Professor Mai Har Sham

Associate Vice-President (Research), University of Hong Kong

Professor Sham is the Associate Vice-President (Research) of the University of Hong Kong. She assists the university senior management team in developing the University’s research in Hong Kong and mainland China, research integrity and research data management policy and education, as well as enhancing the quality of research postgraduate education. Professor Sham has delivered plenary and keynote lectures on the roles of universities on research integrity issues in different continents. She is the Co-Chair for the 6th World Conference on Research Integrity to be held in Hong Kong in 2019.

Professor Sham obtained her PhD in Biochemistry from the University of Cambridge. She received her postdoctoral training in Developmental Genetics in the National Institute for Medical Research in London, U.K., before joining the University of Hong Kong. She served as Assistant Dean (Research) and Head of the Department of Biochemistry in the Li Ka Shing Faculty of Medicine. She is currently Convenor of the Research Cluster of Developmental and Stem Cell Biology in the School of Biomedical Sciences in the Li Ka Shing Faculty of Medicine, the University of Hong Kong. As a developmental geneticist, Professor Sham leads a research team focuses on the molecular mechanisms of mammalian development and mouse models of human congenital disorders. Her research programmes cover areas of gene regulation in development, molecular control of neural crest differentiation, genetic bases and mutant mouse models of human diseases, and neural stem cells.

 

Keynote Presentation: Strategies for promoting a responsible research culture for innovation and impact

Innovation and impact are the buzz words in the research arena today. In addition to conducting curiosity driven research, researchers are motivated to embark on translational research, to provide novel practical solutions to address global issues and community needs. With increasing competition on resource and on achievements, funding agencies are demanding institutions and researchers for productivity. Increasingly, various stakeholders are expecting researchers to be accountable to the society and community, beyond producing traditional research output in the form of publications. In research assessment exercises, research impact beyond academic knowledge are assessed by funding agencies and used to evaluate institutions. In pursuit of research excellence and impact, institutions have devised key performance indicators as tools to drive researchers’ behavior. In many institutions, systems for appraisal of researchers for promotion and tenure are evolved around these performance indicators. However, the social responsibility of institutions should be to foster vigorous research practice in order to produce trustworthy research outcomes. These good research practices should be reflected in the evaluation of researchers and institutions by relevant mechanisms.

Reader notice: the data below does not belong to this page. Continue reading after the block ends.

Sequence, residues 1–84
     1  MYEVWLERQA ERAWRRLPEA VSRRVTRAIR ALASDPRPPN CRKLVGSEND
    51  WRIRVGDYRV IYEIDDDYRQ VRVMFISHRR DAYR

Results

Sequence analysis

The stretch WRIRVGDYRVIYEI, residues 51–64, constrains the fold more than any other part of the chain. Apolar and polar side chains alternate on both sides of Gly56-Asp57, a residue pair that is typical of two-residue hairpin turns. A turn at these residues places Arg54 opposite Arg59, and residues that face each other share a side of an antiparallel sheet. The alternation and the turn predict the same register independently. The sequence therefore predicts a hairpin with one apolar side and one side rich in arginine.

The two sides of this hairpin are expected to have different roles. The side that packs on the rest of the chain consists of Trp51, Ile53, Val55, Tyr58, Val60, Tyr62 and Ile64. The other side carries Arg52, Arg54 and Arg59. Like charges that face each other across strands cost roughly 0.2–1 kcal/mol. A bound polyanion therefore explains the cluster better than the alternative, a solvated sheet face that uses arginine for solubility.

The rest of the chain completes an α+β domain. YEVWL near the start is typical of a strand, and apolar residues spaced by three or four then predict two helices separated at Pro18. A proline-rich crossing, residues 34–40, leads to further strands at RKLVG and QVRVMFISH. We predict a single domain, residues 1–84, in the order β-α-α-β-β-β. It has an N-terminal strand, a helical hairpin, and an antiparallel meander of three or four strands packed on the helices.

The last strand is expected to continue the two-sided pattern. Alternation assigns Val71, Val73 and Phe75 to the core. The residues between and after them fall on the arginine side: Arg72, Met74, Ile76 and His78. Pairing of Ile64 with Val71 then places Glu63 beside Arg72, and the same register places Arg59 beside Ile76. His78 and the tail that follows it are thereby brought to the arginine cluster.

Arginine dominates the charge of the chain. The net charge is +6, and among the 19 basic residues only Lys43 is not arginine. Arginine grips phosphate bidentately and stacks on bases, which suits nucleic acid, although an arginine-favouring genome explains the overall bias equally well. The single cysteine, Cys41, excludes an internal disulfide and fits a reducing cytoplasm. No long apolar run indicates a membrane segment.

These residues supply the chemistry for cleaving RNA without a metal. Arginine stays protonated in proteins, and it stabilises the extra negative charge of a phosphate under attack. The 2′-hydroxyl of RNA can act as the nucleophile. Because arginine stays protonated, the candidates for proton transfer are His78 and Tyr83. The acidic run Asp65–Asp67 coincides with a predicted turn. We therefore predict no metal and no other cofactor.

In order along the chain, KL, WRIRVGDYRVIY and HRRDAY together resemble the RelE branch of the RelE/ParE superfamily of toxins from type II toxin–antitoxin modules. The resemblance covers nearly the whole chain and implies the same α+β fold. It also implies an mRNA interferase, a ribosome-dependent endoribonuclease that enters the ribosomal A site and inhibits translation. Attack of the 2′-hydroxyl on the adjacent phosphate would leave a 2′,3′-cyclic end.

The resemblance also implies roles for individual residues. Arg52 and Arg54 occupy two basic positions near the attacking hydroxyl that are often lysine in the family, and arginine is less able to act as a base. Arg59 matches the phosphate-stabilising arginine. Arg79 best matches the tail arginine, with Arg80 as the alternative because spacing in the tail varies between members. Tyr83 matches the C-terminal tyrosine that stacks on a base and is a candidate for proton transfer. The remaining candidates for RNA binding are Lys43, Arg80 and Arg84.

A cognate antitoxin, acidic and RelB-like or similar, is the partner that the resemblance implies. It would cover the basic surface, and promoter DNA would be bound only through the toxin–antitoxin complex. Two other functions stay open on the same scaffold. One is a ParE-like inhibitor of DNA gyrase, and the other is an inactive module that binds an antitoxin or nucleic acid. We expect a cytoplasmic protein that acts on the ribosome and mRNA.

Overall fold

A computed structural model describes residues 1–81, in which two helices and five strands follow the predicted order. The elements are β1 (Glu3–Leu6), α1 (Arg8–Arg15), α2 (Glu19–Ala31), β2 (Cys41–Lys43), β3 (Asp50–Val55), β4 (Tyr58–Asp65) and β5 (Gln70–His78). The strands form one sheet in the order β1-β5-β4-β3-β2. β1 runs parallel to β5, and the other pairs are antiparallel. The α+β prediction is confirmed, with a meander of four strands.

Underpinning the current climate of innovation is the emergence of technologies, transforming the way that research is conducted in scientific as well as in arts and humanities disciplines. With the development of big data, artificial intelligence and machine learning, we are facing new challenges in research integrity issues. Well established research intensive institutions should have infrastructure in place to support project planning, research data management and sharing, documentation of methodology, and transparent reporting. There should also be developed systems to promote awareness of research integrity and provide training of researchers to prevent research misconduct. A truly excellent institution should have a robust system that ensure responsible conduct of research despite new challenges. Commitment and investment at the leadership level will be necessary. In my presentation, I will discuss strategies that may make a difference in promoting responsible conduct of research.